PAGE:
Reflex responses to myocardial ischemia and reperfusion. Role of prostaglandins.
Powerful vasodepressor and cardioinhibitory reflexes are activated in humans during inferior wall myocardial ischemia or infarction and during restoration of flow to the ischemic region. Experiments in dogs have demonstrated that these responses are due to stimulation of afferent vagal fibers that are located mainly in the inferior wall of the heart. Prostaglandins are released during myocardial ischemia and possibly during reperfusion. Prostaglandins stimulate chemosensitive but not mechanosensitive endings in the ventricles. Our studies determined whether blockade of prostaglandin synthesis with indomethacin or sodium meclofenamate decreased the reflex inhibitory responses to coronary occlusion and reperfusion. Experiments were done in alpha-chloralose-anesthetized dogs after sinoaortic baroreceptor denervation. Occlusion of the circumflex coronary artery for 5 minutes resulted in decreases in arterial pressure and in renal sympathetic nerve activity. During the first 5 minutes after release of the occlusion, renal nerve activity remained inhibited. After treatment with indomethacin (n = 6, 5 mg/kg i.v.) or sodium meclofenamate (n = 3, 4 mg/kg i.v.), coronary occlusion resulted in significantly less inhibition of renal nerve activity. Renal nerve activity returned to control during the first minute of reperfusion. In six additional experiments the responses to coronary occlusion and reperfusion were not altered by treatment with vehicle. Our data suggest that prostaglandins serve as the major stimulus to ventricular sensory endings during myocardial ischemia and reperfusion. Our data further suggest that reflex inhibitory responses during ischemia and reperfusion are due mainly to stimulation of chemosensitive endings.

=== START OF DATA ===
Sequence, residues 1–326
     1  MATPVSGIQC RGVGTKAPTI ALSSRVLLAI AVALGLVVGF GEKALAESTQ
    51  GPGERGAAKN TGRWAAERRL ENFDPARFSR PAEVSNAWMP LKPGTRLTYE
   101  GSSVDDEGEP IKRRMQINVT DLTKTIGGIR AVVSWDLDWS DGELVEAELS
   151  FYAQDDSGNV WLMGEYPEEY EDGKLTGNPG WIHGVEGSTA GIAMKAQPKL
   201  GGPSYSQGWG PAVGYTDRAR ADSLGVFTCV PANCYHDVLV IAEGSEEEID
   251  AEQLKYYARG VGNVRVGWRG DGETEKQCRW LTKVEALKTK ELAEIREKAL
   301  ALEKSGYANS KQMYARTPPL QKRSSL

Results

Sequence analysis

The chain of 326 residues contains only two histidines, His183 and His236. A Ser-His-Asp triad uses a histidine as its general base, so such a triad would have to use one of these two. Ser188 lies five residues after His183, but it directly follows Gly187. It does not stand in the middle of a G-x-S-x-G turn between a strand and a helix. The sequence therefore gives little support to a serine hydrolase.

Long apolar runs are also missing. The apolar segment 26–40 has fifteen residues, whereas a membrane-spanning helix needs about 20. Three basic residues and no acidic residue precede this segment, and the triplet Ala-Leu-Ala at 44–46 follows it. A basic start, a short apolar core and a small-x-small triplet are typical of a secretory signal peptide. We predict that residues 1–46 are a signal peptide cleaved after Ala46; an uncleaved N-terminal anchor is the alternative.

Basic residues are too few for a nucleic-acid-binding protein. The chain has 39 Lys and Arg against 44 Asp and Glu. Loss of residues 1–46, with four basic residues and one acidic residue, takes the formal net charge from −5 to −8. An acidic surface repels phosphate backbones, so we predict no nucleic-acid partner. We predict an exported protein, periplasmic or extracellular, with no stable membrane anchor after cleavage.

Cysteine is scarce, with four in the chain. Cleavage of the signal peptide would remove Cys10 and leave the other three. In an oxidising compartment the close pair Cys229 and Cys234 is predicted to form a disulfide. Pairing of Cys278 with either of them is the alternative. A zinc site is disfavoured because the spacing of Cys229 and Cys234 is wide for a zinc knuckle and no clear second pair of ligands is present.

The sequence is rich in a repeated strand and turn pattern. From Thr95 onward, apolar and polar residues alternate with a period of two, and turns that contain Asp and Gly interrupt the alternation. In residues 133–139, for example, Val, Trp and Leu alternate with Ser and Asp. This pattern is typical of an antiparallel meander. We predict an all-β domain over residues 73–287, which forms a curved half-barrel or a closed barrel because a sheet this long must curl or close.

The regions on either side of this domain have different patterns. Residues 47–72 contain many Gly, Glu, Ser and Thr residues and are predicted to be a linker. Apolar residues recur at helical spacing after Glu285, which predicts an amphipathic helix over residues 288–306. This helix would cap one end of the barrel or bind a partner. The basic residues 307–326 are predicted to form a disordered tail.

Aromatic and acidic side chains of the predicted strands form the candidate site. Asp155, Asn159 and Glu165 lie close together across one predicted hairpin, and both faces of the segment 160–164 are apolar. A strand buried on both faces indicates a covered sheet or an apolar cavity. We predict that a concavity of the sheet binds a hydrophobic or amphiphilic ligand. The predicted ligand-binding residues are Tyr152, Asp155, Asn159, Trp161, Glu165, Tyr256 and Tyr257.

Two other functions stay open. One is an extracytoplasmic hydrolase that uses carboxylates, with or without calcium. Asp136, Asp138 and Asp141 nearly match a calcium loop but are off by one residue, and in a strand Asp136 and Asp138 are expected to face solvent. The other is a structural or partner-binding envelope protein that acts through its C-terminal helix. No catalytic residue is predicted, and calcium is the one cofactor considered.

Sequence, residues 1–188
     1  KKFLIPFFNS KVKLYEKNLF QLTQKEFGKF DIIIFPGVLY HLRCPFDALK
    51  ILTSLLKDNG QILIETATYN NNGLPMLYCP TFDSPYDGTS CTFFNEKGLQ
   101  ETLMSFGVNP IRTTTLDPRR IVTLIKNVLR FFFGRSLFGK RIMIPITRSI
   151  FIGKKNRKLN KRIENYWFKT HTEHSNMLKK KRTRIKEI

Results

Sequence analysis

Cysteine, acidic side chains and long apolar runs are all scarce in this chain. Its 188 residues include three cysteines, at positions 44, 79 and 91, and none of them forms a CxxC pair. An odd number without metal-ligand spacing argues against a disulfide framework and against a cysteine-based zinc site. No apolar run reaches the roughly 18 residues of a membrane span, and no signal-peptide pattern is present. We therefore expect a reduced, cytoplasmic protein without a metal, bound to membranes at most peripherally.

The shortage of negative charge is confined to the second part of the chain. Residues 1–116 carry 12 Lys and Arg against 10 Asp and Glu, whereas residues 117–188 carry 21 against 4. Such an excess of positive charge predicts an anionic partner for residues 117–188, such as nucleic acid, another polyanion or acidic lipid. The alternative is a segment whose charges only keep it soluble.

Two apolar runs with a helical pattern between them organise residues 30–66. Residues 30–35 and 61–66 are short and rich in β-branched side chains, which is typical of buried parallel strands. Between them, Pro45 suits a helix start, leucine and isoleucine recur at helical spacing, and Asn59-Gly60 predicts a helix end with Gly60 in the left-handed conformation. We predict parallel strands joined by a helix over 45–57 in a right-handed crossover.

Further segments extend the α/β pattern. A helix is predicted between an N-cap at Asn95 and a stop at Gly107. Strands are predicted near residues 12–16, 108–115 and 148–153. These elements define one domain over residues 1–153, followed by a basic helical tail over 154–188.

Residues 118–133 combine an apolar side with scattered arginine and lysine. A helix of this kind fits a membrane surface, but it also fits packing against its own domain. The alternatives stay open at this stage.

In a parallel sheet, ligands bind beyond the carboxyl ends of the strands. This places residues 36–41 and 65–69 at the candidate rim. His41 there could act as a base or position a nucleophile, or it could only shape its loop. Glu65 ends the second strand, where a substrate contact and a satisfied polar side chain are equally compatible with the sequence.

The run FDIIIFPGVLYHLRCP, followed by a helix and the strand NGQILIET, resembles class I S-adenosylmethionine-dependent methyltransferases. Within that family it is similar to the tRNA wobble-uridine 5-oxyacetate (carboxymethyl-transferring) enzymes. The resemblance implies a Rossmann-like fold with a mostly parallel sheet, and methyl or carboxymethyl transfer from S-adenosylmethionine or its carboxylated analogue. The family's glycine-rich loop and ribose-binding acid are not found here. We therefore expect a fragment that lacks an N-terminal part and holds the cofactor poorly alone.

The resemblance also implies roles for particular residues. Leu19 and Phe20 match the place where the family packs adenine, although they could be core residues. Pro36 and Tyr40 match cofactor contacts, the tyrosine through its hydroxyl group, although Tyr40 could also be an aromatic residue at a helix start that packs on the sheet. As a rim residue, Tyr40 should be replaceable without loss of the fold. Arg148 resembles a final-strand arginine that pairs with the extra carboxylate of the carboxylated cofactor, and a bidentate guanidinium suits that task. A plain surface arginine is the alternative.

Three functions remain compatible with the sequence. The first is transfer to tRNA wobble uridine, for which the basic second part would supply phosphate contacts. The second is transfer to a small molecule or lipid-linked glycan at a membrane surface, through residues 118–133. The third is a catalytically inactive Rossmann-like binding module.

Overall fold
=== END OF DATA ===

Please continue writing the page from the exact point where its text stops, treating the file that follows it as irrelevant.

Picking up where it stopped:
- Copyright © 1989 by American Heart Association